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How to Find Out Someone's Work History in North Dakota

Any new business owner has to focus on hiring employees to facilitate a smooth business environment. While hiring these employees, the employer’s interests might lie in conducting a background check to mitigate the chances of any surprises popping up in the future. Such checks can be used to evaluate an applicant or to gauge his/her suitability for the job.

However, several state and federal laws in the US are in place to ensure that the information obtained from such background checks are not misused by the employer and the applicant has abundant rights to protect his/her interests. The same applies to the US state of North Dakota and this article aims to provide you some insight into how you can gain access to someone’s work history, while in North Dakota.
 
What laws does the employer need to comply with?

While conducting a background check in the state of North Dakota, the employer needs to make sure that he/she does not violate the state and federal laws on anti-discrimination and on the use of information obtained after conducting a credit check, while making the hiring decision.

The Fair Credit Reporting Act needs to be adhered by during the use of information on an applicant’s credit history while making the hiring decision, as well as, laws on anti-discrimination that prohibits denying a job based on caste, color, race, sex, religion, origin, nationality and disability. Taking the help of a knowledgeable attorney and developing proper hiring procedures is the right approach to ensure that none of these laws is violated while conducting background checks on prospective employees in North Dakota.

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Steps to take while conducting a background check in North Dakota

In the state of North Dakota, while conducting a background check, it is pertinent that the applicant is provided due notification regarding the request of such a check and the applicant must also provide his/her consent for the same. The applicant must also be informed properly that the information obtained will be used to make the decision of hiring him/her for the job at hand.

Blanket exclusions are also strictly prohibited under the laws relating to background checks in North Dakota, whereby the employer makes a biased or prejudiced judgment to deny an applicant of the job role, because of his/her criminal history or because of some court ruling that happened against him/her. It needs to be assessed whether the aforementioned information anyhow affects the job or responsibilities of the job and only if it does can the applicant be denied employment.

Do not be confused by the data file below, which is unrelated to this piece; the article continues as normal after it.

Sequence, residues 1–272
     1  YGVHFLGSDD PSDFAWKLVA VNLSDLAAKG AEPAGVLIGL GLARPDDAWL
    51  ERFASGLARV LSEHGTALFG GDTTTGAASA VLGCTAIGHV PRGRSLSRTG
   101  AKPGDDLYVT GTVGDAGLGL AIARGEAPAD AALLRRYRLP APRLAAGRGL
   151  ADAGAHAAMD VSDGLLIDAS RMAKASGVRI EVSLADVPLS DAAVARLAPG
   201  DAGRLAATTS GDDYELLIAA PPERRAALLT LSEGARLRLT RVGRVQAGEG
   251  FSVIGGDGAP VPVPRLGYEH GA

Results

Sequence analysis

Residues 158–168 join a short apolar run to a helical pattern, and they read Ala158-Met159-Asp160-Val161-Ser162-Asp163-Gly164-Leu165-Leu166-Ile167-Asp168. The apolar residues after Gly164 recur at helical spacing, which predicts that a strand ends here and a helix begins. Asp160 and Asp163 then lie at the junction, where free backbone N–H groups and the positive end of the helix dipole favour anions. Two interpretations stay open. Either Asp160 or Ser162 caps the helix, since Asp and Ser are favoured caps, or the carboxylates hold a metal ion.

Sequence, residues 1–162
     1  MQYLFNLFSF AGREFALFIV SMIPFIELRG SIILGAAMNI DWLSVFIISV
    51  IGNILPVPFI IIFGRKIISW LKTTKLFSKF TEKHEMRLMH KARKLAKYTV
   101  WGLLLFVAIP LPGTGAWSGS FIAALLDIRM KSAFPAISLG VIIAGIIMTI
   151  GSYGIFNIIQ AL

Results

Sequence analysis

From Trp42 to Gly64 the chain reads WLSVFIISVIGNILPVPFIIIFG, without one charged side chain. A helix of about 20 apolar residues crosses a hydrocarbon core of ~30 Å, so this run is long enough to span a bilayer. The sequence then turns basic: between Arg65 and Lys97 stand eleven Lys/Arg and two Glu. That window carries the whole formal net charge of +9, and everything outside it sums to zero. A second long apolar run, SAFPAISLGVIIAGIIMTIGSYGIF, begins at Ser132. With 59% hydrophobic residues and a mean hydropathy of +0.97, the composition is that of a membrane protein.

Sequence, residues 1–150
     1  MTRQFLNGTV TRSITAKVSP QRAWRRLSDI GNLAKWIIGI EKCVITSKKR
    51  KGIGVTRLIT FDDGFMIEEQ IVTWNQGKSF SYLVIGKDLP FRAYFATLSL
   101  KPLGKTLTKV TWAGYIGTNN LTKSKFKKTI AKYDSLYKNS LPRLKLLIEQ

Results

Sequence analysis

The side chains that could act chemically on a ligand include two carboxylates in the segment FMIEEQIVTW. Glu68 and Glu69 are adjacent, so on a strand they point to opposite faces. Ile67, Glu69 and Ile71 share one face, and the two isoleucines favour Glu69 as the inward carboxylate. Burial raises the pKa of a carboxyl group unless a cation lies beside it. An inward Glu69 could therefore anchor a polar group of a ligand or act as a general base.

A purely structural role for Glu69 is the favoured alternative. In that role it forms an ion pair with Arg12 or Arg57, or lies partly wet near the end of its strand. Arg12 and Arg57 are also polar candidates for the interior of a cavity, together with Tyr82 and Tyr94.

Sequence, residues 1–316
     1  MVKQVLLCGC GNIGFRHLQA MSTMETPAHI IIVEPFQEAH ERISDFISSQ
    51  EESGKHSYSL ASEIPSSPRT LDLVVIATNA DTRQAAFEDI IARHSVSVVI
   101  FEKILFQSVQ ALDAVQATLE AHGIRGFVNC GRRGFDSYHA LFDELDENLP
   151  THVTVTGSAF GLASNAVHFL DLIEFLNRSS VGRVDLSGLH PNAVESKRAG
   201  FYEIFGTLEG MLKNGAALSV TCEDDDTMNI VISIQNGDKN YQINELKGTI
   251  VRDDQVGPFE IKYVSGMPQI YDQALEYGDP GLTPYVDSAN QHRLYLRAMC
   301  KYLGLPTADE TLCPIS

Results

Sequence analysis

The best way to avoid practicing such blanket exclusions, the best method is to let the applicant know that he/she would be selected for the job role and perks offered only when he/she passes a successful background check. In case an applicant has been denied a job based on information found in the background check, the applicant needs to be informed what led to such a decision, the information that resulted in the same and proper reasoning as to why such a decision was taken.

The applicant must also be given the chance of explaining his/her side of the story before the employer takes the final decision. Additionally, the applicant should also be given access to all the information that has been obtained after the commencement of the background check. 

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In case the reason for denial is the credit history of the applicant, additional requirements of disclosure must be adhered to, whereby the employer informs the applicant regarding the information that resulted in such a decision to be taken and the source from which the employer has received the information. The information, which the applicant has, a right to receive in case credit history is the reason for his/her dismissal from the hiring process includes:

  • The credit report's copy
  • Information on the rights the applicant enjoys under the Fair Credit Reporting Act
  • Contact information and relevant details regarding the agency that furnished the said credit report
  • A written notice stating that the agency hired to furnish the credit report did not influence the hiring decision
  • A written notice stating the applicant’s right of contesting the accuracy and legitimacy of the report and requesting additional information from the agency within 60 days.

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Search for anyone in the United States! 100% Confidential! Updated on June 6, 2020
Sensitive Information!